Synopsis

CIRRHOSIS OF THE LIVER

Cirrhosis is a type of liver damage where healthy cells are replaced by scar tissue. The liver is unable to perform its vital functions of metabolism, production of proteins, including blood clotting factors, and filtering of drugs and toxins.

Many people think that only drinking excessive amounts of alcohol causes liver cirrhosis, but there are a number of other ways that the liver can be damaged and lead to cirrhosis.

Depending on the cause, cirrhosis can develop over months or years. There is no cure. Treatment aims to halt liver damage, manage the symptoms and reduce the risk of complications, such as diabetes, osteoporosis (brittle bones), liver cancer and liver failure.

 

SYMPTOMS OF LIVER CIRRHOSIS

Symptoms depend on the severity of the cirrhosis, but may include:

  • appetite loss
  • nausea
  • weight loss
  • general tiredness
  • spidery red veins on the skin (spider angiomas)
  • easily bruised skin
  • yellowing of the skin and eyes (jaundice)
  • reddened palms (palmar erythema)
  • itchy skin
  • hair loss
  • dark coloured urine
  • fluid retention in the abdomen and legs
  • internal bleeding presenting as dark-coloured stools or vomiting blood
  • hormone disruptions that could cause a range of problems, including testicular atrophy (shrinking) and impotence in males or amenorrhoea (no periods) in women
  • cognitive problems such as memory loss, confusion or concentration difficulties.

CAUSES OF LIVER CIRRHOSIS

Excessive and chronic alcohol consumption is the most common cause of liver cirrhosis. Cirrhosis from drinking alcohol can develop over many years.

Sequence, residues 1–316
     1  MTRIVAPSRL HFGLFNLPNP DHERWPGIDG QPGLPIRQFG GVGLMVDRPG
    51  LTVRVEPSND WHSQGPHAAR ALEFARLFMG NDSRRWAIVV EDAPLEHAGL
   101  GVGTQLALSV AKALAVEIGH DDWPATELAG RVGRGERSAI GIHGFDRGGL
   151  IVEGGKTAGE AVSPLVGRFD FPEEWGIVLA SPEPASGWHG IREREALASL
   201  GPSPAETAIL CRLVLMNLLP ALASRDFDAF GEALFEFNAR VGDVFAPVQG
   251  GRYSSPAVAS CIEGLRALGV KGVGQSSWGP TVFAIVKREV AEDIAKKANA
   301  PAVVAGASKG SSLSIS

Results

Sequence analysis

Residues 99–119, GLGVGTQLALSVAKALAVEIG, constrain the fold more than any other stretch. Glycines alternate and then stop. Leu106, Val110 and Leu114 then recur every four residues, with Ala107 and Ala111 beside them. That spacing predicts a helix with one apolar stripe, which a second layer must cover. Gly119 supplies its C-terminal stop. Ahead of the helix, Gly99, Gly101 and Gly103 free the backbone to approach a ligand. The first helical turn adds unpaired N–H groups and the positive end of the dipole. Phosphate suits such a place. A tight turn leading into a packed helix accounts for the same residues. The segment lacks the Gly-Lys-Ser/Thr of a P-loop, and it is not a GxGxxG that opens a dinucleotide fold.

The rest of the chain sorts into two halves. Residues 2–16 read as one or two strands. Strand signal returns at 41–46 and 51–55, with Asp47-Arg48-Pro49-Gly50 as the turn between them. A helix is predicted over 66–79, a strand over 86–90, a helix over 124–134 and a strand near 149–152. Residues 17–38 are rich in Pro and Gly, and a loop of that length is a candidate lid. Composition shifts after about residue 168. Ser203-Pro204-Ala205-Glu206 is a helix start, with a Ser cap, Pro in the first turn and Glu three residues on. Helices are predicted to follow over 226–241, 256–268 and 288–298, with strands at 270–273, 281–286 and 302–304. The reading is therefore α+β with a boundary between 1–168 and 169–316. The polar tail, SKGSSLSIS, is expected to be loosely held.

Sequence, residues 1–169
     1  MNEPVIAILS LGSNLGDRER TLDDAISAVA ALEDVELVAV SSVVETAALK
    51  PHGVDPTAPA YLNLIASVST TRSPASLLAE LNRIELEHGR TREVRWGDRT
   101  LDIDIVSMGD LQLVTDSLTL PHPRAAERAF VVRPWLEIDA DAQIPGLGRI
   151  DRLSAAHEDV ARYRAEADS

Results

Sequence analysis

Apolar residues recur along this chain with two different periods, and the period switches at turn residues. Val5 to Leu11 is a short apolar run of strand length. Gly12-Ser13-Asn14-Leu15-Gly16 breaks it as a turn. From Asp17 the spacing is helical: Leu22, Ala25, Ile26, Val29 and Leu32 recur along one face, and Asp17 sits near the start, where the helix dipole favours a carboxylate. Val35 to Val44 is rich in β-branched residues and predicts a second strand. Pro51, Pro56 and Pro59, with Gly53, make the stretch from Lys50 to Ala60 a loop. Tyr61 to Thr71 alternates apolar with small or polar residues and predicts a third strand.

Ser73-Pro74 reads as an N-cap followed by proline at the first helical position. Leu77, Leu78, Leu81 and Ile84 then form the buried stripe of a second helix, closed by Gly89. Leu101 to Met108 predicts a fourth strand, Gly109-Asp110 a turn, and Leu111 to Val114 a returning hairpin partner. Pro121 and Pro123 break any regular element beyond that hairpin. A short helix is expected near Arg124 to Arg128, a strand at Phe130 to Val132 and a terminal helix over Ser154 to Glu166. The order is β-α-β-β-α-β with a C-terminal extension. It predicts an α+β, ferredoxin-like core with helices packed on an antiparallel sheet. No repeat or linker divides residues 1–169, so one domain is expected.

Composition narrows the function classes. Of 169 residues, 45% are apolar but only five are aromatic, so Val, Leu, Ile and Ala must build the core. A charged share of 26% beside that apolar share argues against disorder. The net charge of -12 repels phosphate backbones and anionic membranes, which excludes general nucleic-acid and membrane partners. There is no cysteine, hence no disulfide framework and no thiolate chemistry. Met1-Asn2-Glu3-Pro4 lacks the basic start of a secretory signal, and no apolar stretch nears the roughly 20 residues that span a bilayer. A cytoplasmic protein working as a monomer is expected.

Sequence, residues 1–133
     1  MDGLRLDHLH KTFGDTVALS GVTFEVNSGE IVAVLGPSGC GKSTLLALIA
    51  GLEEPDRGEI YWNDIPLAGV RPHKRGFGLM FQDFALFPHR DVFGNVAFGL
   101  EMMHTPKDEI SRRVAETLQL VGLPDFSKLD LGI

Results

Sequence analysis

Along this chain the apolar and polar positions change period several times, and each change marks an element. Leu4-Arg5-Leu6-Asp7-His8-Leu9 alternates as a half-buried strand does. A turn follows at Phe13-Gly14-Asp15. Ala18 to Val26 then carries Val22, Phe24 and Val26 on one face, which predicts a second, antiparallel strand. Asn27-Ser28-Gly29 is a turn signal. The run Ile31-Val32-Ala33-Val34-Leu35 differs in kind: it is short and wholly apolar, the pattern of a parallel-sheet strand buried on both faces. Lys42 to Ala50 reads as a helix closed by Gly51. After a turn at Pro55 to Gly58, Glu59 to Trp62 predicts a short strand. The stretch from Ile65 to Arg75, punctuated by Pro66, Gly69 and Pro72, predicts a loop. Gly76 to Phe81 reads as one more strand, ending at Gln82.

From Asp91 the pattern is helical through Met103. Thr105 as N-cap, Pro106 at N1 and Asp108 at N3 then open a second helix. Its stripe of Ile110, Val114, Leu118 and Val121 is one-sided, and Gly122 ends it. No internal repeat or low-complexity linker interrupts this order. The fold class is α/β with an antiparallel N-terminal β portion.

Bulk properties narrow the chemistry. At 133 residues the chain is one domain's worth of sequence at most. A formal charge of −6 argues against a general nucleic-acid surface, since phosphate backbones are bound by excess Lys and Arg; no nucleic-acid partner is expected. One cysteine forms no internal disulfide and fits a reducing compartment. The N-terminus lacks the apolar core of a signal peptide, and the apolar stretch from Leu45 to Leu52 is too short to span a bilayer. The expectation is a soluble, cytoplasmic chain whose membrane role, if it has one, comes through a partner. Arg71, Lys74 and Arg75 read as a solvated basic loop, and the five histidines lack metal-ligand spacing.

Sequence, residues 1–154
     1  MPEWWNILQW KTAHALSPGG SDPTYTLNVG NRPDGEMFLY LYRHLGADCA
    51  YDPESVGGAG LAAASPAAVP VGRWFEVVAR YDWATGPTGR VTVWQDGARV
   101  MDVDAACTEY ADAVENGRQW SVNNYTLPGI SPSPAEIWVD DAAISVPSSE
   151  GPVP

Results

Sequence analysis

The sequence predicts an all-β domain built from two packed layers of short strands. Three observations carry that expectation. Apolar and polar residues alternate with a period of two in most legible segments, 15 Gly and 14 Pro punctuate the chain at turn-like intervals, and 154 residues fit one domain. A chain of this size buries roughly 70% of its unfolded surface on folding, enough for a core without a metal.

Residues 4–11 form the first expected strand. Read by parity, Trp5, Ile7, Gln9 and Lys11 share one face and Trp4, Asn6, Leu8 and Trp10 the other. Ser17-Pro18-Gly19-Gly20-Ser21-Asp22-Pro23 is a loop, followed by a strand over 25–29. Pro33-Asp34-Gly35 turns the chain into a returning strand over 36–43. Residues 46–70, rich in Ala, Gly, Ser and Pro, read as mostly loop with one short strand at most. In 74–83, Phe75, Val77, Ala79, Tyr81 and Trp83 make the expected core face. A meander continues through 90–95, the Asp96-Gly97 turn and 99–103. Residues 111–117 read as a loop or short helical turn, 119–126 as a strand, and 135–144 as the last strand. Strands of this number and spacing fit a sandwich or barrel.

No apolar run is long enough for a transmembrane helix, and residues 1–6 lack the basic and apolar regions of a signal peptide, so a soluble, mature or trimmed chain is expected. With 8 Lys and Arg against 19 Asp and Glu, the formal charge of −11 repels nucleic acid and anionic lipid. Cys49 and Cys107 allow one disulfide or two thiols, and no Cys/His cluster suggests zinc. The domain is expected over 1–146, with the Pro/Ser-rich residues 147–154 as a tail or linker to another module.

It is important to remember that the amount of alcohol that will damage the liver can vary from person to person. If a healthy woman drinks the same amount of alcohol as a healthy man, she has a higher risk of cirrhosis. Children are particularly susceptible to damage from alcohol. Some people also have a genetic predisposition to alcohol-related liver injury.

People with a medical condition, especially those affecting the liver, may have a higher risk of damage from alcohol. If you already have hepatitis B or C, or cirrhosis of the liver (from any cause), you are at risk of making your condition worse if you drink alcohol.

WHERE TO GET HELP

  • Your doctor
  • Gastroenterologist
  • Dietitian

THINGS TO REMEMBER

  • Cirrhosis is a type of liver damage where healthy cells are replaced by scar tissue.
  • Common causes include excessive drinking of alcohol, hepatitis B and C, and fatty liver caused by obesity and diabetes.
  • Drinking alcohol if you already have another condition that causes liver damage can increase your risk of cirrhosis.
  • Treatment aims to halt liver damage, manage the symptoms and reduce the risk of complications.